FLOSS Manuals

When I joined the FLOSS manuals workshop on Thursday morning, I wasn’t sure what to expect. FLOSS manuals were a pretty obscure territory for me. I decided to settle in a corner and observe the members to gradually learn more about the network, their goals and strategies.

The workshop was managed by Adam Hyde. Adam is an artist, broadcaster and educator, who combines his understanding of radio art and broadcast technologies with software development and open source radio streaming. As a result of his involvement with FLOSS (Free/Libre/Open Source Software) radio (Radioqualia) he encountered a basic lack of FLOSS Manuals on radio distribution technologies in specific and other software in general. This is the reason why Adam founded FLOSS Manuals in 2006.

The workshop revolved around the organization and more technical matters involving an upcoming Book Sprint, a concept I had never heard before. A Book Sprint is a get-together of a group of people that aim to rapidly develop a finished, comprehensive text, that can be distributed as a book or edited and downloaded online. In the month May alone, four Book Sprints (and subsequent publications) are planned on Linux, Pure Data, Firefox and Open Translation Tools. This practice has resulted in a rapid growth of publications by FLOSS Manuals.

One of the results of the past Book Sprints is a manual on How To Bypass Internet Censorship. This (partially technical) manual is written in 5 days and consists of 200 pages describing the very basic steps to more complex actions an individual can take to avoid or circumvent internet censorship implemented by for instance governments and schools. An example of a very direct tool that can be used to get around censorship is the use of translate sites like Babelfish for surfing otherwise (locally) blocked websites. How To Bypass Internet Censorship is available as download or as a print-on-demand.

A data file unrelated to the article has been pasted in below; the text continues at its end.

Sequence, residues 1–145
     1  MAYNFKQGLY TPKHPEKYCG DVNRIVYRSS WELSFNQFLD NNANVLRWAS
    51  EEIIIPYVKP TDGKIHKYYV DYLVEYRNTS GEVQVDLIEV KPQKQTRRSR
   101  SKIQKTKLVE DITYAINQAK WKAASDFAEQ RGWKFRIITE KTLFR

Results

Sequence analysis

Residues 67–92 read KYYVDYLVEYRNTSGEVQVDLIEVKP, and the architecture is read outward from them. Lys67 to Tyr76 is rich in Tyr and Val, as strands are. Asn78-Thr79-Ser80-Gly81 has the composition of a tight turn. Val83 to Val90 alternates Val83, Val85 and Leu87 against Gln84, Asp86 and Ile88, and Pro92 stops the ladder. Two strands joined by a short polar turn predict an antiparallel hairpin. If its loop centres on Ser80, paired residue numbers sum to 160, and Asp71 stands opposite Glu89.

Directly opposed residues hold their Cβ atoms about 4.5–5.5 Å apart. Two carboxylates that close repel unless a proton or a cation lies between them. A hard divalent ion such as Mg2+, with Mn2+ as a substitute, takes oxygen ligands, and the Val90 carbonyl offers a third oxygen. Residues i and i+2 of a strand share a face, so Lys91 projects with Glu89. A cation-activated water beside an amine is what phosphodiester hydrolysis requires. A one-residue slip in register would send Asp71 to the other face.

This form of publication leaves space for remixing the book. Users can add and change content and choose to publish combination’s of different chapters available on the website via the self-publish services from Lulu. Still, the physical publications create a different form of access and enables FLOSS Manuals to reinvest money back into the collective.

In 2007 the Digitale Pioniers awarded the FLOSS Manuals initiative with a grant to translate their work into Farsi (Persian), and other languages. Anybody can join FLOSS Manuals by registering online or by signing up to the mailinglist. Over the past 2 years, 200 people registered of whom 30 are more or less actively involved with the work, and communicate mainly through IRC and a mailing list. Right now the network’s main problem is its fast growth, the capacity of the servers and the correction process of new information.